GLENDALE, AZ — It has been a training camp unlike any other. Fifteen days after veterans reported, the Arizona Cardinals took the field at State Farm Stadium for the first time Wednesday morning.
"More than anything, guys were just excited to be out there and going full speed," head coach Kliff Kingsbury said after practice. "It seems like we've been walking through quite a bit, and I know guys were antsy after eight months or seven months to get out there and actually hit things full-go, so it was fun."
Putting on the Cardinals uniform has felt extra special for Phoenix native Devon Kennard, who signed with his hometown team in the off-season.
"Man, I was excited," said Kennard. "I woke up early this morning, ready to go finally play some football with my teammates. To be able to put on a helmet for the first time, it was awesome."
For Kingsbury and quarterback Kyler Murray, they enter year two where the bar has been raised and expectations are high after last year's finish.
"I just keep being very thankful [this year] wasn't the first year," Kingsbury said. "I think that would have been really tough coming in and trying to figure things out year one without an off-season. But we're still not where we want to be as a football team, as a coaching staff, as an organization. We have a long way to go."
Murray entered camp noticeably bulked up in the upper body compared to his rookie season.
"He got a little swollen, got a big chest," said wide receiver Christian Kirk. "Most quarterbacks aren't too willing to go in there [gym] and bench and do biceps and whatnot, but he's all about it. He gets after it in the weight room."
The reason was, in part, to be able to take hits and be durable after running for his life at times behind the Cardinals offensive line.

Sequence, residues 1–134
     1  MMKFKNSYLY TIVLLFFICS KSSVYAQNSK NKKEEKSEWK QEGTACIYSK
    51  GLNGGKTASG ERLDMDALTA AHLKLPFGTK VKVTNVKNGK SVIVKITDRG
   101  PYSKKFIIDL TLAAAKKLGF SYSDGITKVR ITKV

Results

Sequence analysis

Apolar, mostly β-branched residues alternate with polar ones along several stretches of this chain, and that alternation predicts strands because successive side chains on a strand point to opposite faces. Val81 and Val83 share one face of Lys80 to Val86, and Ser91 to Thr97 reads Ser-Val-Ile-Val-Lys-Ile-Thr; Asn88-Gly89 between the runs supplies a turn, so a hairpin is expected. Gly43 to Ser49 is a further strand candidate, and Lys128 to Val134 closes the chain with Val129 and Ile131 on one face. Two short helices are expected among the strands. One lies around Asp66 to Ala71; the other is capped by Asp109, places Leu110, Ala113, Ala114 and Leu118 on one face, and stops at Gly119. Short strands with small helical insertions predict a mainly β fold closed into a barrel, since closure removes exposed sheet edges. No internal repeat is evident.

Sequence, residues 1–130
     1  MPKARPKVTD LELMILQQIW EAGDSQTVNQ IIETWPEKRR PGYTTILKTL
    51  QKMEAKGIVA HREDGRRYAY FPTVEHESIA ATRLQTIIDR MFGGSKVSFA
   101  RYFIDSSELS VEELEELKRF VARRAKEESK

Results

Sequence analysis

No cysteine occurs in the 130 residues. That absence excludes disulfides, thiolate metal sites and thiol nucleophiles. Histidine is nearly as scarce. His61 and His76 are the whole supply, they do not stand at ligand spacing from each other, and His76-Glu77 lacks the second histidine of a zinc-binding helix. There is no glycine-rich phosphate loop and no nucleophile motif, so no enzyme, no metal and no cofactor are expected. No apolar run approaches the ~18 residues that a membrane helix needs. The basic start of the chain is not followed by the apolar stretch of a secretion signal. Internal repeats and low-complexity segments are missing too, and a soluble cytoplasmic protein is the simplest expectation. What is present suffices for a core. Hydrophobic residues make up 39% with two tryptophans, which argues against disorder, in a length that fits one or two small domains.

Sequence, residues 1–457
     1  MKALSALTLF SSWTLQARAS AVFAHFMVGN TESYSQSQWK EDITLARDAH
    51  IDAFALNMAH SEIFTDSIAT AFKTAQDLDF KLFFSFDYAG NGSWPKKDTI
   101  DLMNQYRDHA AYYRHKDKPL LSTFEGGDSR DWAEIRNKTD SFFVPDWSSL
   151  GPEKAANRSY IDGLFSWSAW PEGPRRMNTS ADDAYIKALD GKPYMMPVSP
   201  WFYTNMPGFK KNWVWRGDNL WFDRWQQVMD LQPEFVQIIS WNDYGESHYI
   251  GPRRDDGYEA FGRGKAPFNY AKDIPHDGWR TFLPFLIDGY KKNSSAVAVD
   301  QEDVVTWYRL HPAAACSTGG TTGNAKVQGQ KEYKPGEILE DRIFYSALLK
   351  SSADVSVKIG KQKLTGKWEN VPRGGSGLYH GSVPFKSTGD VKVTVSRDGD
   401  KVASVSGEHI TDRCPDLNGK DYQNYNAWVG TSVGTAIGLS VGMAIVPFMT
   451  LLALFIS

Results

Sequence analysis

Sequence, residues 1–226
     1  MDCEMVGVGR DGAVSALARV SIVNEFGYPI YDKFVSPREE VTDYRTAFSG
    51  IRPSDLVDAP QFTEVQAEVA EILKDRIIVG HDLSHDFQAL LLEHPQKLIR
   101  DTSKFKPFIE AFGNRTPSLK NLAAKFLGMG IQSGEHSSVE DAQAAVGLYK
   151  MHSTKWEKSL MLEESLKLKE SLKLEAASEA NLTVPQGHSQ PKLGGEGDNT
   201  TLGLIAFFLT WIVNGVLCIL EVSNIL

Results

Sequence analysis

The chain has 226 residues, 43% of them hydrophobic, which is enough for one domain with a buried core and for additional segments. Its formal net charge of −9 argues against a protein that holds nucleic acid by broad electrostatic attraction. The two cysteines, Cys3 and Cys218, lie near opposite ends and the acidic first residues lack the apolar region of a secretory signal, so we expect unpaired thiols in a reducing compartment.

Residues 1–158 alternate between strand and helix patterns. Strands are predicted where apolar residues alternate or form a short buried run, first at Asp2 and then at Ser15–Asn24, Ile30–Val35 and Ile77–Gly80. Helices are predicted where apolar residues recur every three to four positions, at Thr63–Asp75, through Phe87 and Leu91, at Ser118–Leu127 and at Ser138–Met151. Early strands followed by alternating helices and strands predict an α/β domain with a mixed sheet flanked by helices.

"Last year was kind of survival mode for him," said Kingsbury. "The way we thrust him in there and then he was the guy from day one and had to learn on the fly. That's not easy. Not many young players that had to do that in his position in the history of the league, and kind of lived to tell about it if you will. Year two for him to just be focusing on football for the first time in his life, he knows what it's going to take to take that next step, as far as leadership, as far as work ethic, as far as commitment to be the face of the franchise."
Other than Marcus Gilbert, who opted out prior to training camp, the Cardinals had full participation on Wednesday. Since veterans reported on July 28, they have had zero positive COVID-19 tests.
"Everybody's really bought into all the protocols," said Kirk. "We know the talent that we have on our team, and we know what we can do if we are able to optimize it and come together. Many teams around the league have said the teams that handle this the best are the ones that are going to be the most successful. We want to be one of those teams."
Protocols include the usual temperature checks and nasal swabs, but additional measures like Plexiglas between each players' locker stall, wearing masks during walk-throughs, and spacing out during team meetings. The organization has also divided up players within position groups to different parts of the locker room, so if there is an outbreak, an entire position isn't lost to quarantine.
"We're lucky to be one of the teams that hasn't had anyone," said Kennard. "It's up to us to keep it that way. You can never get comfortable because the moment you start to get comfortable in this, that's when it can start to slip. So, hopefully, that stays the case. I hope, at the end of the year, we can the same thing and we have no positives."
Thursday's practice will be helmets only, then shells can be introduced on Friday, but still no live contact. The Cardinals have a mandatory day off on Saturday, followed by shells again on Sunday, and then the first full pads practice will take place Monday.